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  Apple Mount Farmhouse, Thorpe Morieux, sold through Lacy Scott & Knight The estate agent’s view
Village homes with gardens in demand
  Rob Swiney, partner at Lacy Scott and Knight
Where is the market going and what have we learnt over the course of the past year? Some context first. The last 12 months have included three lockdowns (the first one shut the property market down completely) but a stamp duty holiday, lasting for nine months but coming to an end shortly, has been beneficial.
Our experience is that purchasing habits have shifted. Buyers are now seeking properties with gardens in villages, with the ability to work from home (garden offices, etc.). They are high up on people`s priority lists like never before.
I think most other agents will agree with me that the market has steamed ahead since last May. All the indications are that even after the stamp duty holiday, sales will continue on a high in Suffolk, a county that is very popular, yet still something of a hidden gem.
Lacy Scott and Knight have been in the business for 152 years so our vast experience means we can assist with all property decisions. Even if you have no intention of selling immediately, we would like to hear from you whether it is via an initial Zoom call, or a socially distanced physical valuation. We can cater for most of your property needs so please get in touch with our team on 01284 748600.
 ‘ hamlet near Bildeston. Unless I divorced my husband and married a footballer, that was simply not possible before (naturally I’d also have to factor in the cost of plastic surgery in order to attract one in the first place). The downside would be cleaning and heating it, but that was a small price to pay compared to the benefits of living the dream.
The emotional cost, however, can be high. Although friends and family relish spending the odd weekend with us, their visits are few and far between, so relocating a fair distance away can be isolating. For months I suffered from a nagging doubt that I’d made a mistake and learned that I had to be prepared to drive back to my old stomping grounds in order to maintain strong relationships.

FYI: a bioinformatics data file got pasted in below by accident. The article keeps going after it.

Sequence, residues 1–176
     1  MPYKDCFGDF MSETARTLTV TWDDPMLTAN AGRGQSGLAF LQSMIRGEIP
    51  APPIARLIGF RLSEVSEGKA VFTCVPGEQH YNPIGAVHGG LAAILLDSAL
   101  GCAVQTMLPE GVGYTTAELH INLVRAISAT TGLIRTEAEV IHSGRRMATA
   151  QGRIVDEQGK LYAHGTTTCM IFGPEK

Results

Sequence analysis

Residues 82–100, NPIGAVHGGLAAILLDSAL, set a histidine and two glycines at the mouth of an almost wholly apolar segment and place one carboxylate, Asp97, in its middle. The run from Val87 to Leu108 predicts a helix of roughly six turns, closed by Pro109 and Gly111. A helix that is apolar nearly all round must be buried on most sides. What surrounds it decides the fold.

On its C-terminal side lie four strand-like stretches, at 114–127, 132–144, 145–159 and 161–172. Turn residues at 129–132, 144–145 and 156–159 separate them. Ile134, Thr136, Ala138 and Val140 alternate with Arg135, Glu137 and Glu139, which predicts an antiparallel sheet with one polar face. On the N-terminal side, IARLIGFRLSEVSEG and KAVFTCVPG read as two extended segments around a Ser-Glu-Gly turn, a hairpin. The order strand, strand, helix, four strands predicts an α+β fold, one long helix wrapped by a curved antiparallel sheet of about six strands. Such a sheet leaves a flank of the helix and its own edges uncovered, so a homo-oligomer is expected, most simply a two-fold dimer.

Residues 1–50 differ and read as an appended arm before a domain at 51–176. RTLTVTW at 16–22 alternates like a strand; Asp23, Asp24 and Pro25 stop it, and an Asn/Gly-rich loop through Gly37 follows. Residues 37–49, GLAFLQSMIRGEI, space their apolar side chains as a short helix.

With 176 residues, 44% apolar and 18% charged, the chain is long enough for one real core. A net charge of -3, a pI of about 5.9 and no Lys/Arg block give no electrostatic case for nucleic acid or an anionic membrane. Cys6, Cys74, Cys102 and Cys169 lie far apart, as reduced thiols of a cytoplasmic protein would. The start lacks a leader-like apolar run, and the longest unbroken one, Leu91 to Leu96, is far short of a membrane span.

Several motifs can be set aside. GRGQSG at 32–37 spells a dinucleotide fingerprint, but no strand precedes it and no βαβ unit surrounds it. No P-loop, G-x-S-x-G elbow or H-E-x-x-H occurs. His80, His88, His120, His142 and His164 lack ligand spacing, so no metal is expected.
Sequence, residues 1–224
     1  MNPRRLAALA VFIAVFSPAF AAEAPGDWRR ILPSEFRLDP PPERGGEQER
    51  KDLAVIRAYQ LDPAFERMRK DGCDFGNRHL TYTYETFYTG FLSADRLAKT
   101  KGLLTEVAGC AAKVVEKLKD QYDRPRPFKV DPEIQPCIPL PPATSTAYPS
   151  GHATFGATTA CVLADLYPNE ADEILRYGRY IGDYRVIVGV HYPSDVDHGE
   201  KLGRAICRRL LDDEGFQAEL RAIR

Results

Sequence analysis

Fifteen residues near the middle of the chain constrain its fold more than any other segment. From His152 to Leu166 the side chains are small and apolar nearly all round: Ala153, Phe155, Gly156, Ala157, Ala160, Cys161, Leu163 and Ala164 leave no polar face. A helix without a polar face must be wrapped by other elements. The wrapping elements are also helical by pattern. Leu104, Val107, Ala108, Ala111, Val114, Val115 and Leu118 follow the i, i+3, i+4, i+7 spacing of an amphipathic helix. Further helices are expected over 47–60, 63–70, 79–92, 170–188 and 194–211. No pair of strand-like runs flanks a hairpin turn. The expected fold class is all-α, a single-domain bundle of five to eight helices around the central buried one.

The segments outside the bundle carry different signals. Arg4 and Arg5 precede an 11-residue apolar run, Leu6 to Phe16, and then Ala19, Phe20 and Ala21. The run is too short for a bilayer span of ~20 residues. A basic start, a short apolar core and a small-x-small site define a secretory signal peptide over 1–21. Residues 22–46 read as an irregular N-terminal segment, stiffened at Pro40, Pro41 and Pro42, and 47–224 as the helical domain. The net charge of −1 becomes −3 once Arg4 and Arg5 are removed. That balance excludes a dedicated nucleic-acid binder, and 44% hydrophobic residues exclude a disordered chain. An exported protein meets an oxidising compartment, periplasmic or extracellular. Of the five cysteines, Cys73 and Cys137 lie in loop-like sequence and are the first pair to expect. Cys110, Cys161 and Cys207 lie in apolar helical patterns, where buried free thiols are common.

Despite having loved ones close by in the capital, I could also enjoy anonymity. Forget that when you move into a rural enclave. Chatting to someone who appears to know everything about you before you’ve even learned their name is disconcerting. However, the upside is you feel part of a genuine community, not just one insignificant fish in a pond of millions.
When I used to ask the people around me how they were, the answer would predictably be “busy”. Now when I make the same enquiry, I receive an appreciative response as those in the sticks have more time to be chatty. Within a week we were on first-name terms with most of our neighbours.
The crow of cockerels and whiff of fertiliser means you cannot help but commune with nature. My husband quickly went native like the sitcom classic The Good Life and started growing vegetables. The peace of our surroundings also brought us a sense of calm, making us pause and realise we no longer had to rush through life.
We finally understood the power of the night sky to seduce Copernicus, Galileo and our gloriously eccentric homegrown astronomy guru, the late
Sir Patrick Moore. It is inky blue and crystal clear in the countryside and astounded us with its myriad of stars. This was a revelation after the smog- infused soup above the city, punctuated only by the pulsating lights of 747s heading to and from Heathrow.
That’s happiness covered. What about the health benefits? Is it a myth that life in the country is better for you? It’s a fact that the air is cleaner, so Sir Cliff was correct all those years ago. Furthermore pollution has been linked to all kinds of illnesses, from heart and ‘
 Quiet backwater: The River Stour in Suffolk

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